Forum Selection Provisions Involving FINRA Member Firms


Earlier this month, FINRA issued Regulatory Notice 16-25 (Notice) concerning forum selection provisions and FINRA member firms.  The Notice reaffirms the right of customers and associated persons to arbitrate disputes with FINRA member firms in the FINRA arbitration forum and under FINRA arbitration rules.  We examine this Notice and identify some takeaways below.

Background:  Predispute Arbitration Agreements Under FINRA Rules

FINRA Rule 12200 of the FINRA Code of Arbitration Procedure for Customer Disputes (Customer Code) requires parties to arbitrate their dispute in three circumstances:  (i) arbitration under the Customer Code is required by a written agreement or requested by the customer; (ii) the dispute is between a customer and a member or associated person of a member, and (iii) the dispute arises in connection with the business activities of a member or associated person, except in certain cases involving insurance-related activities.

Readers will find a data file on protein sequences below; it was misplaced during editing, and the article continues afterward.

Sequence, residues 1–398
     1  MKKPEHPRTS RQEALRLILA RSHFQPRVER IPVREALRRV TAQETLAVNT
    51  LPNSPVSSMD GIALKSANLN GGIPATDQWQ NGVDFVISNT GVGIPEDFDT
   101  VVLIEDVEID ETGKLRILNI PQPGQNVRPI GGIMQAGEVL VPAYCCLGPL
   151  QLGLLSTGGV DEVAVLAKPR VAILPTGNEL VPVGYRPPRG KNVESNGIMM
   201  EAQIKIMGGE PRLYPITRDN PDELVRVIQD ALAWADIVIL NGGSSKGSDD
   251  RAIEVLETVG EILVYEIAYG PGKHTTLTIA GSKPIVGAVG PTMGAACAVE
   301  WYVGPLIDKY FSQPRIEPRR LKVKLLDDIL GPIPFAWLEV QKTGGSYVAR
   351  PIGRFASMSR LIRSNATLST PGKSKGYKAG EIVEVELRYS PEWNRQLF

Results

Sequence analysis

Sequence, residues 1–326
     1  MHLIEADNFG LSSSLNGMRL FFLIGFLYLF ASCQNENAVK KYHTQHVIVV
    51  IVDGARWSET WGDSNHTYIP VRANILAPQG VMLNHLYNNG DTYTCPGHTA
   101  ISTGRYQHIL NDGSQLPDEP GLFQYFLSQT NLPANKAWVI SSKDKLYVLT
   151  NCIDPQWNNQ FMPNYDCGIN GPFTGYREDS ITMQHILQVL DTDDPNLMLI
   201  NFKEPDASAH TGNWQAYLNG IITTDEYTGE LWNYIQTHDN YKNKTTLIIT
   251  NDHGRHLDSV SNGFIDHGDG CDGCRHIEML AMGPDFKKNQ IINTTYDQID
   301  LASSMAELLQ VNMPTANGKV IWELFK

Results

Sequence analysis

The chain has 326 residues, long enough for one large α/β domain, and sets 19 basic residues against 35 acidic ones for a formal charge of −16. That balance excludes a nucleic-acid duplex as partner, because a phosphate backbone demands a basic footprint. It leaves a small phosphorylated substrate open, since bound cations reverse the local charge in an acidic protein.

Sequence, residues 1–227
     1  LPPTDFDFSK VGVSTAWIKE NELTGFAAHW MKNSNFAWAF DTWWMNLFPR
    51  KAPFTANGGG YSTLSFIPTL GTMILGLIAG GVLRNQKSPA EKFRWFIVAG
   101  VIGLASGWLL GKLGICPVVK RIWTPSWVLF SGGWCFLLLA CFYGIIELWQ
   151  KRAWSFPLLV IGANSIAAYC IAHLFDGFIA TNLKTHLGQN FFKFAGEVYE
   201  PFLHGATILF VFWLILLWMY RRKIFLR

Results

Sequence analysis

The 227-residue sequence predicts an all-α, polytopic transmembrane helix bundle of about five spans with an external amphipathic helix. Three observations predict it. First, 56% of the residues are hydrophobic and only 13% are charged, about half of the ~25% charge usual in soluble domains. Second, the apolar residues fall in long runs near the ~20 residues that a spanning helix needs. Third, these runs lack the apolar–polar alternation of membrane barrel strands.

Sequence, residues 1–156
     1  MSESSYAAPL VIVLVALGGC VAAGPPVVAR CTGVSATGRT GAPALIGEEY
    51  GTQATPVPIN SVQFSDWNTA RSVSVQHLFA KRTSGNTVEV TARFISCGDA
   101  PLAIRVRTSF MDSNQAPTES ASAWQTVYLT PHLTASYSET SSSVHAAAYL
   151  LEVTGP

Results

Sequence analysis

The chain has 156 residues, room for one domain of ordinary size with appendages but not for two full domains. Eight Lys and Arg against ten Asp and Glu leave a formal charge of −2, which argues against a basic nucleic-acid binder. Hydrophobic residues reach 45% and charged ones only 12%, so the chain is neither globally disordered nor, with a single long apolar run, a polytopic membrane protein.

Predispute arbitration agreements are standard fare in customer account opening documents. FINRA Rule 2268 sets forth requirements that apply to these agreements.  This rule requires that the predispute arbitration clause must be highlighted in the account opening documents and preceded by a disclosure that the agreement contains a predispute arbitration clause and that by signing arbitration agreement the parties agree as follows:

  1. All parties to this agreement are giving up the right to sue each other in court, including the right to a trial by jury, except as provided by the rules of the arbitration forum in which a claim is filed.